Etrain Odyssey III: The Drowned City is (obviously) the third game in this dungeon crawling, keep-your-own-map franchise of RPGs. While many things about the battle system are pretty standard for the genre, the extra depth that comes from building your own party from scratch and maintaining your own dungeon maps is what draws fans back to these titles.
This latest adventure is set in and around the city of Armoroad. While prospering greatly in the past with an amazing, technologically advanced civilization, it was destroyed by a huge earthquake and much of the old city sank down to the bottom of the sea, creating a gigantic labyrinth. This labyrinth is the target of many adventurers in the present day, seeking treasure or bits of technology that used to flourish in the ancient city. There are also those who want to figure out the truth behind the great earthquake and what caused such a devastating event.
The game plays in a first-person view of the dungeons while you’re in them (and, frankly, you probably spend the majority of the game in such places). The battles are also done in the first person. You also have an overhead map display, which is not automatically taken care of by the game. What is this, you ask? That’s right, you have to maintain your own map, just like in previous iterations of the game. You can also use icons on the map to denote any suspicious activity in individual tiles, such as landmarks, terrain issues, sea currents and the like.
Also, there are no pre-defined characters in Etrian Odyssey III. While this may be unfortunate for some, this does allow you the freedom to create your own class combinations. In fact, you’re tasked with putting together and maintaining your own guild in-game, to help you along your path of discovery into the labyrinth and the surrounding seas. There are many different character classes, and putting together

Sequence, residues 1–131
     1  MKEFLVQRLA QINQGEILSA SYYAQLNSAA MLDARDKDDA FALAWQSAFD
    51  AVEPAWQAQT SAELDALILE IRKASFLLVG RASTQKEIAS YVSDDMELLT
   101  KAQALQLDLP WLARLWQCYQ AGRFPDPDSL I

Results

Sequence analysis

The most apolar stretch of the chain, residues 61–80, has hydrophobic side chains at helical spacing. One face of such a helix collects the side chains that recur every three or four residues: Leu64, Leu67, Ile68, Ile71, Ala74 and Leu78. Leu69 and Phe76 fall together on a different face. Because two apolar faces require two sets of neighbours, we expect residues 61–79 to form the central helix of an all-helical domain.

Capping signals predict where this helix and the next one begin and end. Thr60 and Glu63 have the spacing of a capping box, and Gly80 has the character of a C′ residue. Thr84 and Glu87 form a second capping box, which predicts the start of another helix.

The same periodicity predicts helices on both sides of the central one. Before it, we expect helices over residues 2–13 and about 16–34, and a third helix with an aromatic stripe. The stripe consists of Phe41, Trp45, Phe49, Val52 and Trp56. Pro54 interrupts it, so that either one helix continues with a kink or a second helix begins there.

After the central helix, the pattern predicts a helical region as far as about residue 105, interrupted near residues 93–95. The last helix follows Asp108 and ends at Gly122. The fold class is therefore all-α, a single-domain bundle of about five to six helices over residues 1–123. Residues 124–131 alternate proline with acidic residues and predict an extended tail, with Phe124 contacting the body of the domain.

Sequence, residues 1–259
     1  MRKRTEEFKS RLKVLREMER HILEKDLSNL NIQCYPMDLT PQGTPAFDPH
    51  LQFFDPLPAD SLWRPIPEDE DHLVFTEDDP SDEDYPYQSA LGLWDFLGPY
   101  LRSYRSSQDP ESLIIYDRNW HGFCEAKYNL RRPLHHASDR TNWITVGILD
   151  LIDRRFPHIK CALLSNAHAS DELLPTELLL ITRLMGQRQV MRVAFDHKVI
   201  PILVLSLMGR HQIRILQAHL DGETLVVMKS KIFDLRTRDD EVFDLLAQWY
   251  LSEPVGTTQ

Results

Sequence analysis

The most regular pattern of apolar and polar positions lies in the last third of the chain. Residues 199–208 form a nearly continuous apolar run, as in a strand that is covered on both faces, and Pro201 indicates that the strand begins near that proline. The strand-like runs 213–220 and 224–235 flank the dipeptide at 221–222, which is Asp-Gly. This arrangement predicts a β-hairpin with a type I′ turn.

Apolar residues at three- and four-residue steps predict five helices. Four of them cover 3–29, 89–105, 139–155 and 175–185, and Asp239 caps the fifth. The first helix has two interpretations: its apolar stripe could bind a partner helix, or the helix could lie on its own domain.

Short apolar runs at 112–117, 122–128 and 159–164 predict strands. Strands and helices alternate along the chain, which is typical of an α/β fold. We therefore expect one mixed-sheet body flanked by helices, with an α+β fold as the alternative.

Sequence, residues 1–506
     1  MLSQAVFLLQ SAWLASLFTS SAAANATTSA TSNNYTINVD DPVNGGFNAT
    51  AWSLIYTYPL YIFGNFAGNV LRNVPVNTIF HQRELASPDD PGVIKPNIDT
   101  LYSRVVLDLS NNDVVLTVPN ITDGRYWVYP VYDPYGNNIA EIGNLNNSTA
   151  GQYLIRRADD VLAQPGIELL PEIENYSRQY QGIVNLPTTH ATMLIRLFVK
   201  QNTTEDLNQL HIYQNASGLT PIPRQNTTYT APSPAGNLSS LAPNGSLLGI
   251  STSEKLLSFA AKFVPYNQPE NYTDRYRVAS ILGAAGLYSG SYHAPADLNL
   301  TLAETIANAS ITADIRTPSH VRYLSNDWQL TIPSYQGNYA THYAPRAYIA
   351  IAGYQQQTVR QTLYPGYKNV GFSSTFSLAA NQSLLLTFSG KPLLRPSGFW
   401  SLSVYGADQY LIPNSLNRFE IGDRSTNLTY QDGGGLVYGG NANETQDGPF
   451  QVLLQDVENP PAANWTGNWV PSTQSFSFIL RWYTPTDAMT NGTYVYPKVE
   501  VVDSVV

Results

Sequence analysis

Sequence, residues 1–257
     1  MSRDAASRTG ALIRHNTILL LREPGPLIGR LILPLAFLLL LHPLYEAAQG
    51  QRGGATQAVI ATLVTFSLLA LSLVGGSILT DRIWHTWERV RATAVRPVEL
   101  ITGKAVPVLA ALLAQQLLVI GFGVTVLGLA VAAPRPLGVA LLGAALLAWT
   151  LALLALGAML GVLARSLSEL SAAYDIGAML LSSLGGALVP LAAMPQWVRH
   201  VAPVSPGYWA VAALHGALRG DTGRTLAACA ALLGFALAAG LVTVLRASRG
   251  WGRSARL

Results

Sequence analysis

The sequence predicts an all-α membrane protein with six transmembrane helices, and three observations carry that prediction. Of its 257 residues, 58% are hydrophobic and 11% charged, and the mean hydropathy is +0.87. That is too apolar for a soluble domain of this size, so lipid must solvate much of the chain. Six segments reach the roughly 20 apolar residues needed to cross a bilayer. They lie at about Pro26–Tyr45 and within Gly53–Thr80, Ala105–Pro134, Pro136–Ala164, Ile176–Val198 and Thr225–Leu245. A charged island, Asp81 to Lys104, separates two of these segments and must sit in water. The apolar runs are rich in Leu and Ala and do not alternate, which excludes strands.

the right party for the job is vital. While you can have up to five characters in your party at any given time, certain quests from various townsfolk may require a different group make-up than what you would typically use, so you can mix and match guild members to suit your needs at any given moment.
Naturally, a good chunk of the game revolves around leveling up these characters, which is done inside the dungeons that you must crawl through and map out. While you’re doing this, however, you can fulfill quests from various people around town to gain extra experience, money or items to help you along your way.
The Etrian Odyssey games have a reputation for being rather difficult affairs, so if you’re up for a challenge and are looking for another visually stunning RPG for the DS, this is probably your best bet. The game releases next week, September 21, 2010, for the DS, and is both developed and published by Atlus, our RPG overlords.